£200m boost but no access for disabled on Glasgow subway

Glasgow subway

Upgrade falls short of making Glasgow's subway network accessible for disabled people 

8th March 2016 by Robert Armour 3 Comments

Disabled commuters have slammed Glasgow’s transport chiefs over disabled access to subway stations.

This week Strathclyde Partnership for Transport (SPT) announced a £200 million investment in new driverless trains that will incorporate wheelchair spaces.

However Glasgow Disability Alliance (GDA) said many disabled people will never see the trains because the platforms and stations are inaccessible.

The group has criticised SPT for failing to improve access despite the huge investment.

Deputy chief executive Marianne Scobie said the majority of GDA’s members won’t be able to access the trains.

She added: "Right now, St. Enoch station has a lift which is fine if you want to go on a round trip on the subway without getting off.

"The irony is the underground trains, even the ones now, because they are completely level with the platform and because of the way they have been designed, they would be really accessible if people could get down to the platform.

"It's really frustrating that in this day and age we still don't have access to the underground which is one of the things that makes Glasgow completely different to other cities in the UK.

"We're one of the few cities in the UK which has an underground system yet we're still denying that to people who are wheelchair users.

People have just taken it for granted that they will never be able to access the underground - Marianne Scobie

"When we talk about people moving about the city and not being able to access public transport, people obviously tend to talk about buses and trains but people have just taken it for granted that they will never be able to access the underground which is a real shame.

"It is a quick, cheap and efficient way to get around the city.”

GDA said that SPT should consider adapting their current escalators to make them wheelchair accessible if installing lift shafts would be too expensive.

A spokeswoman from SPT said: "We worked closely with the Disabled Persons Transport Advisory Committee (DPTAC), Mobility and Access Committee for Scotland (MACS) and Glasgow Access Panel to look at the access challenges faced by people with a disability.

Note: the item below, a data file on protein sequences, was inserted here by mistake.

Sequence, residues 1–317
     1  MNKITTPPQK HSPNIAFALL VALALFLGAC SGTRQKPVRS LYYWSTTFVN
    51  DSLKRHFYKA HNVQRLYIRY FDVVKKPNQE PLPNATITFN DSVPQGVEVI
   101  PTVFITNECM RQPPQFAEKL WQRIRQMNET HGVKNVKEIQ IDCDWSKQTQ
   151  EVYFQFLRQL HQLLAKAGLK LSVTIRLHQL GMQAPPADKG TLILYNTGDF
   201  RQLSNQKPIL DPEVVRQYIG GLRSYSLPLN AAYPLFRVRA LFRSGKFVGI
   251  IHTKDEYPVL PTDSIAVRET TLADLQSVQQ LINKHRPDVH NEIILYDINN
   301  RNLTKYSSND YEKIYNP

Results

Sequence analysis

"It was their input that resulted in the very significant engineering commission to install lifts at Govan and St Enoch’s stations and explored solutions to enable wheelchair users to access our trains.

"This will enable journeys from two of our main stations from the city centre to the south of Glasgow offering easier access to the new Queen Elizabeth University Hospital campus and further travel from the Govan integrated transport hub.

"It is technically not feasible to introduce lifts for wheelchair use at every station in the 120 year old system.

"However, where there is a technically feasible solution, SPT remains fully committed and prepared to work to achieve fully accessible integrated transport for all.”

8th March 2016 by Anglophile

Headlines like this perpetuate the myth that only people with mobility impairments are disabled. Third Force News should be more aware. 'No access for wheelchair users' would have been more accurate.

9th March 2016 by Ivor Ambrose

Here at ENAT - the European Network for Accessible Tourism, we have collected many "good practices" on acccessible transportation, travel and tourism. There are always access problems with older Metro systems but solutions can be found with new technical innovations and a "can do" approach. Athens has a 100% accessible Metro and fully upgraded "Electric Railway" system since the 2004 Olympics, for example. We'd like to be able to say to visitors with disabilities - Go to Glasgow! But this news item can only be an off-putting signal for tourists, as well as being a great shame for the locals.

12th August 2016 by Avee Tsofa-Holmes